They were both incubated in entrepreneurial organizations that specialize in the development of social entrepreneurs in one form or another.
The first organization to nurture ASTA in its early stages was called AVINA, which is focused on developing leaders of sustainable development in Latin America. Solidarium, on the other hand was incubated in Aliança Empreendedora, a non-profit organization developed to support entrepreneurs in low-income communities in Brazil, where founder Tiago Dalvi worked prior to spinning out the idea for his enterprise. While inside these organizations, the entrepreneurs had the resources and support to develop their concepts and start testing them in their respective markets.
So how can we incubate more ideas like Solidarium, ASTA and the numerous other impact-driven enterprises that are starting to emerge, so that they can build out a sustainable business model?
It’s not a question that we can answer unequivocally, and we would love to hear what you have to think, but there are some clear precedents that can be taken from the above examples.
Entrepreneurs who are building impact-driven enterprises need time to experiment and test new concepts in these markets. Because the characteristics of the markets are different and cannot be optimized for growth in the same way as a traditional market, patience is needed, which means they need capital and support.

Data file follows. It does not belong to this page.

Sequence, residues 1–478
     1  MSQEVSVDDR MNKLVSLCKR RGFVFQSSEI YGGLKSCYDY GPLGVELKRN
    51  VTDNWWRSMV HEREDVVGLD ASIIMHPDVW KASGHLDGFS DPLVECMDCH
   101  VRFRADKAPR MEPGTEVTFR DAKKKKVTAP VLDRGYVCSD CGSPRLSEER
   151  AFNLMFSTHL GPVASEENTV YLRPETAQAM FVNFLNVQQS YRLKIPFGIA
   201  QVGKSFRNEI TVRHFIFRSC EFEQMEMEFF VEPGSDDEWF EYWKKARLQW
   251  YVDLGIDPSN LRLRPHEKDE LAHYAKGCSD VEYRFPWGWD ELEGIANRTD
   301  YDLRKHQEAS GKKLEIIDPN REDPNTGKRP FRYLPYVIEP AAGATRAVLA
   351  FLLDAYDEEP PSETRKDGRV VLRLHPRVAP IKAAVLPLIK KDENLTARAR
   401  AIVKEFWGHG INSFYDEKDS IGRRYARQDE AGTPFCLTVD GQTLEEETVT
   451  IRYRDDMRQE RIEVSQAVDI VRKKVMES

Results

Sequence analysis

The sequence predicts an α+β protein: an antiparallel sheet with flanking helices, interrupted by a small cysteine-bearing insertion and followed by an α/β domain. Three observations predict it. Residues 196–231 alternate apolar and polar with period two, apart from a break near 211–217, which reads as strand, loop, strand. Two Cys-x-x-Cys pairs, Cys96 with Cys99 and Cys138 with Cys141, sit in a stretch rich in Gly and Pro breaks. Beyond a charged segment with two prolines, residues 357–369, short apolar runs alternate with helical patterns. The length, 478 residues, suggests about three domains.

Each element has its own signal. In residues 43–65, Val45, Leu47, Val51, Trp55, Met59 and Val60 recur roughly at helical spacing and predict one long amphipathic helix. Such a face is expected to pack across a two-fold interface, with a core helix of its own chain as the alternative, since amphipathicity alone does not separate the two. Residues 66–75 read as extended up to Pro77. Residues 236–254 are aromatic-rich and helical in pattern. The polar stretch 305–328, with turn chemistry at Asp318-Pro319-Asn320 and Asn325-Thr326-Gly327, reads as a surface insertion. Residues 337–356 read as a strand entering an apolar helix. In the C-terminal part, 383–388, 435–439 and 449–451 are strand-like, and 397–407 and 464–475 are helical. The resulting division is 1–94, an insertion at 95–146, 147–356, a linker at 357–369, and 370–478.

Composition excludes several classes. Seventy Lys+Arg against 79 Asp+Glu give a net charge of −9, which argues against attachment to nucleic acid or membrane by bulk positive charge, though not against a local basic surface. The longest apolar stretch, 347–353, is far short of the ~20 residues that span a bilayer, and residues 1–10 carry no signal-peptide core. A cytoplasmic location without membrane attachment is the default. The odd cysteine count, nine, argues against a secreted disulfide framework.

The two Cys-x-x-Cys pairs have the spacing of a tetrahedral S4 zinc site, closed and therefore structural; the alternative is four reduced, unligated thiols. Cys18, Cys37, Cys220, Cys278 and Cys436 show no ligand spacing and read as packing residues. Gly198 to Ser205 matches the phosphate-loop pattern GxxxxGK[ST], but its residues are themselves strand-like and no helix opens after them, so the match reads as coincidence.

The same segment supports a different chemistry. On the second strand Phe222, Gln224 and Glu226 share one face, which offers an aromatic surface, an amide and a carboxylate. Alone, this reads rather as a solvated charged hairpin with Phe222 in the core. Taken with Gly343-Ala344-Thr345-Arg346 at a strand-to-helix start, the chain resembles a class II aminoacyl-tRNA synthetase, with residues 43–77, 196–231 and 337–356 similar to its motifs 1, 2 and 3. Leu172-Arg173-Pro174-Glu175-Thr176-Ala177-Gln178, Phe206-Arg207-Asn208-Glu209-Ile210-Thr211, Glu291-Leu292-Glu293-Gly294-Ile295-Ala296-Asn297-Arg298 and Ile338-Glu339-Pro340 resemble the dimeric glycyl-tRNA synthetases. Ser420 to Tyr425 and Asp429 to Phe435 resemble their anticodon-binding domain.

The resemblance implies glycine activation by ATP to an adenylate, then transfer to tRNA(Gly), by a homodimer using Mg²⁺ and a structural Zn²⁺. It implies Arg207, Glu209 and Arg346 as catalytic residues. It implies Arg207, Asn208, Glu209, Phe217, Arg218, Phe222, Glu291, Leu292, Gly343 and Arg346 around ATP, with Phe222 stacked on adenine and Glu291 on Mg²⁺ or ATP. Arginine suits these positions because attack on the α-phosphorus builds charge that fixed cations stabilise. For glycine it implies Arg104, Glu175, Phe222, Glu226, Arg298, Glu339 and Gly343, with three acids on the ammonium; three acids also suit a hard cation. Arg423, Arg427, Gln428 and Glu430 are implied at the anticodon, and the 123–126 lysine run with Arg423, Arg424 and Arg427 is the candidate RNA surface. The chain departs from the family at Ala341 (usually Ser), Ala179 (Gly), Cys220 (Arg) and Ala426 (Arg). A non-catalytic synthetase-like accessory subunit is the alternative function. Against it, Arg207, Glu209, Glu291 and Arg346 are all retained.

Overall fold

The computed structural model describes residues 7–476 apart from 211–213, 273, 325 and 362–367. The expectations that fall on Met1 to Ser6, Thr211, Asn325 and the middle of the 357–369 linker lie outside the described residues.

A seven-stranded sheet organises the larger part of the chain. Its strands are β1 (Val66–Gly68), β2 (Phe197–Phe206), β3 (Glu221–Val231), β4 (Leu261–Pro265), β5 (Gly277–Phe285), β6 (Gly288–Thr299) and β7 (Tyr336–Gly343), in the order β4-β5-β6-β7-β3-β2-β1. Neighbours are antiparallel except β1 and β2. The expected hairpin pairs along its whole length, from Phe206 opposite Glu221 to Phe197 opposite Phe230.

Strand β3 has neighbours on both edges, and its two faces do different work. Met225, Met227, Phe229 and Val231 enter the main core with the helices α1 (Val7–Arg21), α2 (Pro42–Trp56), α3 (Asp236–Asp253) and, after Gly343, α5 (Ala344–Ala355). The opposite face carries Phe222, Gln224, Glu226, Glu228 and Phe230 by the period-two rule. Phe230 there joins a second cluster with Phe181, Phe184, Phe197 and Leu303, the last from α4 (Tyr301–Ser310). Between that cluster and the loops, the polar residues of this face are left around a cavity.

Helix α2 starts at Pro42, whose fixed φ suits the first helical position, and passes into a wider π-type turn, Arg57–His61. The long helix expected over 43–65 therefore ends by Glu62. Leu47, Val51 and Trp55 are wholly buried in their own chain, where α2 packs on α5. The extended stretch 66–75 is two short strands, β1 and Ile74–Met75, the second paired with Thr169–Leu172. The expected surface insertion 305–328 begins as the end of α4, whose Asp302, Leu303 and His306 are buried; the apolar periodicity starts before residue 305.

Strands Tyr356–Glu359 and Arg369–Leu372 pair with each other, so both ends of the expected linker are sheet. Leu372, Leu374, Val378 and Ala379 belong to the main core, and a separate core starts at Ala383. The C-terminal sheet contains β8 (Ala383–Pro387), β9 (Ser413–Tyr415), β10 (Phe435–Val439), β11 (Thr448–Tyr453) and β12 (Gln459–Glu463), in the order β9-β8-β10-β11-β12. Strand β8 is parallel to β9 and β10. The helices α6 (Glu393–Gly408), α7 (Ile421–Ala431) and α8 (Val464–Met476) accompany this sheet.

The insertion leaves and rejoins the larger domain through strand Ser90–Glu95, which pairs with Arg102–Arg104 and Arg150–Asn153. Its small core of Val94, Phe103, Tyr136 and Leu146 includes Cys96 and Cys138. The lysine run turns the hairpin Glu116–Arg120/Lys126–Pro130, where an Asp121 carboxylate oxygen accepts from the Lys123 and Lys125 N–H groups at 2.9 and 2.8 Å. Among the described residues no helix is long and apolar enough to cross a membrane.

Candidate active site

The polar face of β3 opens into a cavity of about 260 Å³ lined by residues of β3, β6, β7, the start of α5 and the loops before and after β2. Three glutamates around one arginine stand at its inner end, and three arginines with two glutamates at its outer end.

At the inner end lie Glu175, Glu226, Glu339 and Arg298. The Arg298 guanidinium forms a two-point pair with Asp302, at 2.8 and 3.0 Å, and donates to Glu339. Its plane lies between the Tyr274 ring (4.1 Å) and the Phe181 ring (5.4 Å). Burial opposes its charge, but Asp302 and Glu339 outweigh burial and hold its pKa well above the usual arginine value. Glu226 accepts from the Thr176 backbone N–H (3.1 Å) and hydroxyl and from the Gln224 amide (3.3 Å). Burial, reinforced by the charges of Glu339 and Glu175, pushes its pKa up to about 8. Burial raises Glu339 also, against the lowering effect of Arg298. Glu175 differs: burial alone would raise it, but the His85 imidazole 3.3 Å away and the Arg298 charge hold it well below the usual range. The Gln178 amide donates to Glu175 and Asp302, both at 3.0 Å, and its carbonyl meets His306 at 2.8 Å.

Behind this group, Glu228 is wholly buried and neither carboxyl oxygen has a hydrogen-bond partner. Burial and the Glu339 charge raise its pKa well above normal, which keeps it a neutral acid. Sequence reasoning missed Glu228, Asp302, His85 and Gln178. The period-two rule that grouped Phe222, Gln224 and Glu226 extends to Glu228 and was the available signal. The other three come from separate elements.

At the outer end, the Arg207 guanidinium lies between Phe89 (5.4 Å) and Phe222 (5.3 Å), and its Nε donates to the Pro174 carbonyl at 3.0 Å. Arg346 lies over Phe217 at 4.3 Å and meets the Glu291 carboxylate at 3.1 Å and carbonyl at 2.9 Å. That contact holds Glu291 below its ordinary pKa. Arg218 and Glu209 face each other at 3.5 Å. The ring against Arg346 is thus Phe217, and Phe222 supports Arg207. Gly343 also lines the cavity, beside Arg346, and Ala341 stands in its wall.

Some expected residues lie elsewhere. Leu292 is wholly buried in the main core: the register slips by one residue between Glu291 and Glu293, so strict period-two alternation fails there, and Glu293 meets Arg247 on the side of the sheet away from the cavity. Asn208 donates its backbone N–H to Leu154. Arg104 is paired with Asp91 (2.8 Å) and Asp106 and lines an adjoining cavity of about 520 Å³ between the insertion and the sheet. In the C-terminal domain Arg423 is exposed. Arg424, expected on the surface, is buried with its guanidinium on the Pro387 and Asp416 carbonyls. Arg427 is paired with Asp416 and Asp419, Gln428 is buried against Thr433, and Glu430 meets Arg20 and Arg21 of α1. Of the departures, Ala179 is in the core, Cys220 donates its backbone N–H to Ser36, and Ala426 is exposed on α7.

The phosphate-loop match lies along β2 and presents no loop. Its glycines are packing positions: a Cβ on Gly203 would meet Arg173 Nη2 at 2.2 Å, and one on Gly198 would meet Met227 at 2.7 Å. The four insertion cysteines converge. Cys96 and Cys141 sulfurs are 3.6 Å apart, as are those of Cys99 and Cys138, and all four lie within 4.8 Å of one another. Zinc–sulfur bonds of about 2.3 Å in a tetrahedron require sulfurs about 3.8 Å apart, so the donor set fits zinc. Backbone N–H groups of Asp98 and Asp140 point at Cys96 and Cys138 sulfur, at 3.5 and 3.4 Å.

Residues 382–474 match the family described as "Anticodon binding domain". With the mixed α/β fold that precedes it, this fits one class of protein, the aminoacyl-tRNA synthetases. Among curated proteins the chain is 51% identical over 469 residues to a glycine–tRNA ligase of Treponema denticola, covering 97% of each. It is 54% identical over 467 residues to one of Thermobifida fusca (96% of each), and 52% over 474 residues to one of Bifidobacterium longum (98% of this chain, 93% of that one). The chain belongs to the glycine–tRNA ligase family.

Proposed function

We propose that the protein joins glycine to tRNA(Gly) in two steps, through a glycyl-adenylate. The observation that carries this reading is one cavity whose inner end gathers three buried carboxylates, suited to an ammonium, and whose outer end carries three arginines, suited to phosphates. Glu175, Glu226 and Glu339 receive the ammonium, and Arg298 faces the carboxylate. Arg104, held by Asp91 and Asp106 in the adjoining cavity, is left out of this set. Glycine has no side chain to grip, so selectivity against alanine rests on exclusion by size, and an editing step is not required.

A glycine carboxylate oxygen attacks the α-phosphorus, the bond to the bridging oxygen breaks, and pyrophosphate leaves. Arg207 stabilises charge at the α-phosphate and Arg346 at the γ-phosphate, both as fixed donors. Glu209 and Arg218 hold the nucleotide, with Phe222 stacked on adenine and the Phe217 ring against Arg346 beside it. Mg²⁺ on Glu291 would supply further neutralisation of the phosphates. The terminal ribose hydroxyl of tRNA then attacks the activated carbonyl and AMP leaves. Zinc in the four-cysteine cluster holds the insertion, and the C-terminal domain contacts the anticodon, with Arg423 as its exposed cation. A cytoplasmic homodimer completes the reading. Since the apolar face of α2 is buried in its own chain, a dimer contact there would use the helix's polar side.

A good start would be working/incubating in an organization that:
a) specializes in incubating social enterprises or early-stage entrepreneurs;
b) is a traditional enterprise that wants to develop new social business ventures related to their specific market;
c) is a consultancy that can leverage their market expertise during the incubation phase to generate revenues while they test out ideas.
These are three setups that we could see working to allow entrepreneurs to earn money and have access to the resources that they need, while experimenting with an idea. Because the timelines are stretched for a social enterprise to start delivering returns, the alignment of perspective needs to be there.
An additional way to help these entrepreneurs get the capital they need to get started is to create a branded crowdfunding platform as Aliança has done with its Impulso platform:
These are just a few of the ideas we had to throw out there to bring more social businesses to the market. As we mentioned in our last blog, the lines between the social and traditional enterprises are starting to blur; however, the requirements to build a social enterprise are much different than those of the traditional enterprise and need to be dealt with accordingly.
So because 2013 is the Year to Shake It Up, it would be great to hear about any stories out there of businesses or organizations who are stepping forth to try and incubate the type of companies that the world is waiting to see. We’ve heard of one or two big projects of this nature in Europe, but let us know if you see anything worth mentioning in your local market.